So if a remote employee does get laid off or needs to make a job change, they will likely have to expand their search radius significantly. Their best bet may be trying to secure another remote role, but even that could prove challenging. 

2. There’s little to no anonymity or privacy

Beacon’s tiny footprint and tight-knit community come with a lack of anonymity. In this limited area, you’ll run into people you know everywhere you go. You’ll keep seeing the same faces at the grocery store, coffee shop, brewery, trails, and even across the river in places like Newburgh. 

For those wanting an anonymous experience where they can fade into the crowds and not run into people they know all the time, Beacon does not offer that. The small size means you sacrifice privacy and blend into a community where everyone knows your name and your business, but some may find the fishbowl-like environment and lack of anonymity in Beacon to be a drawback.

3. Tourists can get in the way

Beacon’s economy depends heavily on tourism, which can make the small town feel overrun. During warm weather seasons especially, the crowds flock in from Thursday through Monday, and the swarms of visitors congest the compact downtown area. Lines get long, parking is scarce, and seating fills up fast at popular spots. 

For residents trying to run errands or enjoy local amenities, the constant influx of tourists can mean fighting through shoulder-to-shoulder crowds just to shop or eat out. The tourism-dependent economy brings in money for the town but compromises the quality of life for residents trying to carry out daily activities.

4. Beacon’s cost of living is higher than the national average

Beacon has a cost of living index of 118 and a median home price of $471,372. The annual cost of living for a single adult in Beacon, including housing, food, transportation, healthcare, and other essentials, comes out to $44,714. This is lower than the overall cost of living in New York State, which is $46,110 per year. However, it is higher than the national average cost of living, which is $38,433 annually.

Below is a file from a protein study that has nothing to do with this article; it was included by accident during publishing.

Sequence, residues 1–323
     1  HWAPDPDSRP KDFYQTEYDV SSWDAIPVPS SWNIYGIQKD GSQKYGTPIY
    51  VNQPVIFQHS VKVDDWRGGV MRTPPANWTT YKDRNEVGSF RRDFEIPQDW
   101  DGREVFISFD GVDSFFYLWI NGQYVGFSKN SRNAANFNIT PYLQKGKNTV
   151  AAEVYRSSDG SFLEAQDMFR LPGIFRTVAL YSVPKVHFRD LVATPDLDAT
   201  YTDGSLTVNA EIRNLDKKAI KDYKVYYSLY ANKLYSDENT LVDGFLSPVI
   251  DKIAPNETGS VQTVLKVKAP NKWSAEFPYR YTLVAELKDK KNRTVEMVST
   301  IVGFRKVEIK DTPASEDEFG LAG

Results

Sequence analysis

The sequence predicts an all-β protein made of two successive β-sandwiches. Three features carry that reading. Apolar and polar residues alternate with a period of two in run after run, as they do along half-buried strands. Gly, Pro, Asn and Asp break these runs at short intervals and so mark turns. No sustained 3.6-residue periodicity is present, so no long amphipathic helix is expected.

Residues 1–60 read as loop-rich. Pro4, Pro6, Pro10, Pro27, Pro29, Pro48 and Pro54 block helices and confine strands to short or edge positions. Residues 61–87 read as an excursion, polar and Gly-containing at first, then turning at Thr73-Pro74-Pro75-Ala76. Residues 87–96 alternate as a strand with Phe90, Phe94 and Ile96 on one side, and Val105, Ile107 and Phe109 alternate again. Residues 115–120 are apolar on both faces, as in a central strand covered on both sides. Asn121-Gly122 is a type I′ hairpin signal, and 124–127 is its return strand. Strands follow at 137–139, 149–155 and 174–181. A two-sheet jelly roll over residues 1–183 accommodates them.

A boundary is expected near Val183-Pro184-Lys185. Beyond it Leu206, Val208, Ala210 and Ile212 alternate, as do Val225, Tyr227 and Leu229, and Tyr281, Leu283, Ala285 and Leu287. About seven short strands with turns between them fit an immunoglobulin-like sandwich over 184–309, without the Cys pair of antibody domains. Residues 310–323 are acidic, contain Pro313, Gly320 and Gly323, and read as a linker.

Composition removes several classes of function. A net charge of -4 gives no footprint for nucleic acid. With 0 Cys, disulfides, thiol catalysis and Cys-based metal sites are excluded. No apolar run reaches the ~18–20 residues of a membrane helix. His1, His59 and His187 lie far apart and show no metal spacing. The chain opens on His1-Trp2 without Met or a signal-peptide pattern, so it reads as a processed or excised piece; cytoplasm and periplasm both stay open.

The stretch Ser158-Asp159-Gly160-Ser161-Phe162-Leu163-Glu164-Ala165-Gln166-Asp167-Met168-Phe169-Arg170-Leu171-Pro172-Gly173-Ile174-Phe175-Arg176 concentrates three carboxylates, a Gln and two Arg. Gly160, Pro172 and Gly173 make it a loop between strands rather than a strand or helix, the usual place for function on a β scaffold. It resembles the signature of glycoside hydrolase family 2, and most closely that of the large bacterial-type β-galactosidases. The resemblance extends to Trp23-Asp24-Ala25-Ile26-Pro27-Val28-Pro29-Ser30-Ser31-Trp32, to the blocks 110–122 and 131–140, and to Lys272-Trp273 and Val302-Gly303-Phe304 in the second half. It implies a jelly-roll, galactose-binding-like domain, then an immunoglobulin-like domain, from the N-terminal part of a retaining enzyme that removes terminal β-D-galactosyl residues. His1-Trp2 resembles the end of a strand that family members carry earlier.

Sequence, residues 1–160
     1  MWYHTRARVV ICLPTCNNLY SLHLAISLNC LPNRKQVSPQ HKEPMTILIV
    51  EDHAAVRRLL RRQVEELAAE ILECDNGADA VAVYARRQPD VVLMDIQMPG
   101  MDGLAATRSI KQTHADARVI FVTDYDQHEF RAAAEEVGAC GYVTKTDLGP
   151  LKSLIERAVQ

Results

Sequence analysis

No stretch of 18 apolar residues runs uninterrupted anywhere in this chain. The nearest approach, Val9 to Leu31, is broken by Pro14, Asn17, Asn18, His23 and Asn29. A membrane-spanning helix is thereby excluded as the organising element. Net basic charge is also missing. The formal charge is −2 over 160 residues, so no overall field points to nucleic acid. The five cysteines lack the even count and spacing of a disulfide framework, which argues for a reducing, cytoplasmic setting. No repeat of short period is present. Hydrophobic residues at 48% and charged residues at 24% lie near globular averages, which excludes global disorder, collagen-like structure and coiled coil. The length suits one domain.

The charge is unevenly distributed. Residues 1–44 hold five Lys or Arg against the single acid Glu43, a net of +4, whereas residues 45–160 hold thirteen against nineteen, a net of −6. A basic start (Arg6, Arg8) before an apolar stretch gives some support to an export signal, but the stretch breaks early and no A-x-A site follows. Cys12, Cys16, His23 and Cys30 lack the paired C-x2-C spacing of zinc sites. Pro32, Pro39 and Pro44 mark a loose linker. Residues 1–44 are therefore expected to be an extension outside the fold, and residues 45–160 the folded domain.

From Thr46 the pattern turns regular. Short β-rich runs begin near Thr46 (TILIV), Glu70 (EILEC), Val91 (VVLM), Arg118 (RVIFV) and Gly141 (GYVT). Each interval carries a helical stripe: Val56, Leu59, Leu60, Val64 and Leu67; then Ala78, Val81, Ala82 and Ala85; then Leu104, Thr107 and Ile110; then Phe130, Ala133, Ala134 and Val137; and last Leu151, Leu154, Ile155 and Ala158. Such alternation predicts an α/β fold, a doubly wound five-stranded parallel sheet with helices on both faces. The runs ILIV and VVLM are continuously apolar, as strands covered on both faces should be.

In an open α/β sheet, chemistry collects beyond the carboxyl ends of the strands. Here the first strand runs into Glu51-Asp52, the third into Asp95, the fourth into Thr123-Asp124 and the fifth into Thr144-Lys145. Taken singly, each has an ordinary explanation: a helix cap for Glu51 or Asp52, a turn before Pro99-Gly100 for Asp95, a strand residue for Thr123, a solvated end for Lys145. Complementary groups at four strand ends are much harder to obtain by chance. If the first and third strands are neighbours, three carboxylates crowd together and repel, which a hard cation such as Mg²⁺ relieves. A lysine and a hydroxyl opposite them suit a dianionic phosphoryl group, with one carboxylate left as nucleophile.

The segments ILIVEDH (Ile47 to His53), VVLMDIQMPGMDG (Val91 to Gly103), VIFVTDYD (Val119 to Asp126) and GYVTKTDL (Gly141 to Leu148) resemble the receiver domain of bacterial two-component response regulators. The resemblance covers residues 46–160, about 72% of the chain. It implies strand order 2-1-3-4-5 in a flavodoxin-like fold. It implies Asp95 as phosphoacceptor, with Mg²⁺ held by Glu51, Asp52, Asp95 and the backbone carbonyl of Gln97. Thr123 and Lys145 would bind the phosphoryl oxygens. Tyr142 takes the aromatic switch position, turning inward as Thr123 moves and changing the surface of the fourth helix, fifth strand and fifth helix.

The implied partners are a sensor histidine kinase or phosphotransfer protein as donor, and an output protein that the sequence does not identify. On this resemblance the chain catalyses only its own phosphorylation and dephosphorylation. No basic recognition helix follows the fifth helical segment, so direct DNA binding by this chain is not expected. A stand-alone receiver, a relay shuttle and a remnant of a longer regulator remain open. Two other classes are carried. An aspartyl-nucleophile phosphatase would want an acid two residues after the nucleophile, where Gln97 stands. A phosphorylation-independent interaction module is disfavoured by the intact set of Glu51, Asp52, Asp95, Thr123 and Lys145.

So while Beacon remains more affordable than New York overall, its cost of living is still pricier than many other parts of the country. Residents pay a premium compared to the national benchmark, even if they save a bit when compared to living in a bigger New York city.

Final Thoughts

Overall, Beacon offers a small-town vibe amid beautiful Hudson Valley scenery, with a thriving arts scene and restaurant culture. However, prospective residents should weigh the pros against the cons like high costs, tourism crowds, and limited job prospects. 

Individual priorities will determine if the pros outweigh the cons, or vice versa. Those seeking an inclusive artist community with direct NYC access may find Beacon ideal, while others may prefer more affordability and privacy.